I write because I breathe. I have always been a writer although in my teenage years it was a diary. Recently I found my diary from 1965 and the details of my first love and my first kiss. After reading my diary entries from 1965 my mind started putting them together as a story so I guess the dreams of a young teenager were the start of my crazy old age fantasies. I took some classes in creative writing in college, got married, had kids and put my writing on the backburner except for volunteer activities such as writing Christmas and Lenten services for church. When I became an empty nester I was offered a job at a Computer Sales and Service business as an office manager. It fell into my lap. After I had worked there for a few years the owner thought I had skills to be a technician and paid for my training and employed me as a technician in his computer business. He then encouraged me when he was ready to retire to start my own computer business. I was 60 years old, I had become a technician at the ripe old age of 55. I owned my own business for three years, until the past year when I decided to go for my dream and write full time. Also, about eight years ago an area paper offered me a job as their Monday columnist, and I have a column called Something About Nothing. Along with writing my Cozy Mystery, Fuchsia Minnesota Series, I have a young reader series called the Granny Is In Trouble Series. I have a wacky way of thinking so perhaps that is why some of my book characters are a little out of this world. I believe we need things to laugh about including ourselves and the world we live in. Part of my motivation for writing is my grandchildren. Although my cozy mysteries are for adults I don’t ever want to write anything that they could not pick up and look through or read. My young reader series which is about grandparents and grandchildren, also has touched the hearts of some adults. I believe we need to remember who we were when we were young and let our grandchildren know that part of us. I also believe that we need to keep the child in us alive. It makes life more interesting.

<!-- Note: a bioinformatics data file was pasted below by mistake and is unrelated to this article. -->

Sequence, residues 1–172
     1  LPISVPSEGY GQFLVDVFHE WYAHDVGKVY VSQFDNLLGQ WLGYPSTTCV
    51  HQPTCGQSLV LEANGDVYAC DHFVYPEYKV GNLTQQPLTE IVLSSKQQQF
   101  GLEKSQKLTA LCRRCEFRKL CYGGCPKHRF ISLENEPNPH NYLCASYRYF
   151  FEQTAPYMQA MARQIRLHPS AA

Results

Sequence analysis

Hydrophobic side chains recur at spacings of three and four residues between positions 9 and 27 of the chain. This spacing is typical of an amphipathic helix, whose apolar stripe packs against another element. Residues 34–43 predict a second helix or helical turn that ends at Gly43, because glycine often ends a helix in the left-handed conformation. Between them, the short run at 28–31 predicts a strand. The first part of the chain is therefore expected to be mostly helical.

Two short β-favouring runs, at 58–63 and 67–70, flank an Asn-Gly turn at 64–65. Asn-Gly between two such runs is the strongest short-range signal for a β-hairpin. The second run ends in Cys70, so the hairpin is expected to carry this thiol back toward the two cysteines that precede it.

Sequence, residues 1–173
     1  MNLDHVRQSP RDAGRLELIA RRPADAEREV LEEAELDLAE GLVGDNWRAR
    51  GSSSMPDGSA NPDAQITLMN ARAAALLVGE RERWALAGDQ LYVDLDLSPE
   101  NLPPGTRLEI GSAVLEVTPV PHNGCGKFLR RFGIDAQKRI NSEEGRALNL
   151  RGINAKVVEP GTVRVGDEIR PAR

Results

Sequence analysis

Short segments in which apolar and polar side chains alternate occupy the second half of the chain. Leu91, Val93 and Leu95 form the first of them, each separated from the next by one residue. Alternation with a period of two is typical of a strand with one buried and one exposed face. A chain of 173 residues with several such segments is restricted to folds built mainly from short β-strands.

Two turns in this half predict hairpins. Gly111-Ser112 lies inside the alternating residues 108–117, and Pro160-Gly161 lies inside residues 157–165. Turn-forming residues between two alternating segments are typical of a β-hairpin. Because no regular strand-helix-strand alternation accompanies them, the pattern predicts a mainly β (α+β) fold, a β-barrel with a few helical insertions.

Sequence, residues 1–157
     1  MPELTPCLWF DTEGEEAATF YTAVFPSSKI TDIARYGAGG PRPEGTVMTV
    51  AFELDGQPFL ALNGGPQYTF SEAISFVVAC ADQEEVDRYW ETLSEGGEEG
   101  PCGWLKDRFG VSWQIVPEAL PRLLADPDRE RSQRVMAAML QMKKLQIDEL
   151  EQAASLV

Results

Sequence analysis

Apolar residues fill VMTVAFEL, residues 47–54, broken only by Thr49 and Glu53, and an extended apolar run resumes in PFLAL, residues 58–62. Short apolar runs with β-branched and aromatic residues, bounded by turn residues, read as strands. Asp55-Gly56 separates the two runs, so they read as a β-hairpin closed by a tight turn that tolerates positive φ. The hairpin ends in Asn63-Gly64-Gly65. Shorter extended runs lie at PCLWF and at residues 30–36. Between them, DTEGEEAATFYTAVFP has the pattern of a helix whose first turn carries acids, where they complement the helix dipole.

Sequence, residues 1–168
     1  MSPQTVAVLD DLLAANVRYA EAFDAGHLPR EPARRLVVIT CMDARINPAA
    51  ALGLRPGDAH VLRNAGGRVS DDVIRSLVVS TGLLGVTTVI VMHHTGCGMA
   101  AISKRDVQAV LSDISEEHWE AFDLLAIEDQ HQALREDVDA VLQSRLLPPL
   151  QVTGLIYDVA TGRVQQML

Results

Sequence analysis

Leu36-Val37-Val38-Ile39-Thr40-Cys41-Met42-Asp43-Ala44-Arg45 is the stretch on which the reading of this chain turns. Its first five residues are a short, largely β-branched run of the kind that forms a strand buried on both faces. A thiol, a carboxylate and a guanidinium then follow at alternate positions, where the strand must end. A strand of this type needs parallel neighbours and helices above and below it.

What inspired the idea behind your book?

The idea behind my Fuchsia Minnesota series just happened. It happened at a time when I was having health problems which led me to a depression. I started writing not knowing what it was going to be and where it was going to end up. I didn’t have any intention of going for my writing dream and publishing it. I would wake up each morning with a chapter in my head. I learned to let my Granny character take the lead. She surprises me and it brought me out of my depression and changed the way I look at life. Writing the Fuchsia Minnesota Series took away my fear and taught me that it is time to embrace my wackiness and be who God created me to be.

DSC_0358Is anything in your book based on real life experiences or purely all imagination?